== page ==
He cites Cardinal Sarah: “John Paul II was convinced that the two lungs of Europe had to work together. Today, Western Europe is employing extraordinary means to isolate Russia. Why persist in ridiculing that great country? The West is displaying unheard-of arrogance. The spiritual and cultural heritage of the Russian Orthodox Church is unequaled. The reawakening of faith that followed the fall of Communism is an immense hope.”

Salyer writes, “Sarah takes for granted that the preservation of a nation’s Christian heritage is a good thing, regardless of how shallow the motives of politicians.” He cites Sarah: “The West seems happy to see its churches turned into gymnasiums, its Romanesque chapels fall into ruin, its religious patrimony threatened by a total desacralization.”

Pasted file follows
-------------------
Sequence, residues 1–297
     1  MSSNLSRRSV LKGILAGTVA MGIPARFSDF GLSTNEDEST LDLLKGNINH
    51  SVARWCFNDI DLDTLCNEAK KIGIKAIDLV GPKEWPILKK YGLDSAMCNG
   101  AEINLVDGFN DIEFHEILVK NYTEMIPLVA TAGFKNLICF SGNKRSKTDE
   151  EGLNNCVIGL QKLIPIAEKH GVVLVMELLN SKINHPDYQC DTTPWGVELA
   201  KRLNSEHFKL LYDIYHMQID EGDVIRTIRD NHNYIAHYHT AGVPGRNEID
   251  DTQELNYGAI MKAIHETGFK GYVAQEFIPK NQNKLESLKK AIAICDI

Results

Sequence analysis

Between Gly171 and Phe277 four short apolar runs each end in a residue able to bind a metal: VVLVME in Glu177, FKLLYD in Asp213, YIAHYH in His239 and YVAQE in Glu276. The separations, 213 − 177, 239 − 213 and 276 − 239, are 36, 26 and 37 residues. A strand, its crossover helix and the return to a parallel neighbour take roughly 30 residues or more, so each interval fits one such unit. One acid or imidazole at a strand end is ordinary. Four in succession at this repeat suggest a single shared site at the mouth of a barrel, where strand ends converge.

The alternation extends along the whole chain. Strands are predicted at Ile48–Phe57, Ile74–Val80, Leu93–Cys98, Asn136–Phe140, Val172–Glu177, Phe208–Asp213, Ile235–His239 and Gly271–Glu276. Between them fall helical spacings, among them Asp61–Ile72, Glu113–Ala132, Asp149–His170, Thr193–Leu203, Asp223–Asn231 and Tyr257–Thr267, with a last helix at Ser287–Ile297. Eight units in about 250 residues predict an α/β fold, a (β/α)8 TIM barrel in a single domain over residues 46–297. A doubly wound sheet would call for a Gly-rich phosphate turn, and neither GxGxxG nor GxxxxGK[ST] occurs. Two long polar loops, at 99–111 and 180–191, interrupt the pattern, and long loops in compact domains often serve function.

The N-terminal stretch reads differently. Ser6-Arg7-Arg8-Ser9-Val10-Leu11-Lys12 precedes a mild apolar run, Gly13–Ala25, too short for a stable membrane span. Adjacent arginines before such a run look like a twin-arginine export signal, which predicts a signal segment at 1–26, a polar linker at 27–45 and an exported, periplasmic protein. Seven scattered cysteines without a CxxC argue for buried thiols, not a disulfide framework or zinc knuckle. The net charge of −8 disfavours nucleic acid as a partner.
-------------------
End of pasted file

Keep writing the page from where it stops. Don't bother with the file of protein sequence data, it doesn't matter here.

“Just to be clear,” Salyer concludes, “my real point here is neither to advocate a particular view of the war, nor to treat Cardinal Sarah as an infallible prophet… No, the point is that a high-profile Churchman believes that the West’s greatest enemy has never been al-Qaida, ISIS, or China, much less Russia, but rather the West itself — and none of those professing to admire him have seen fit to notice.”

In short, the conclusion of the matter: the West itself needs to return to faith in Christ.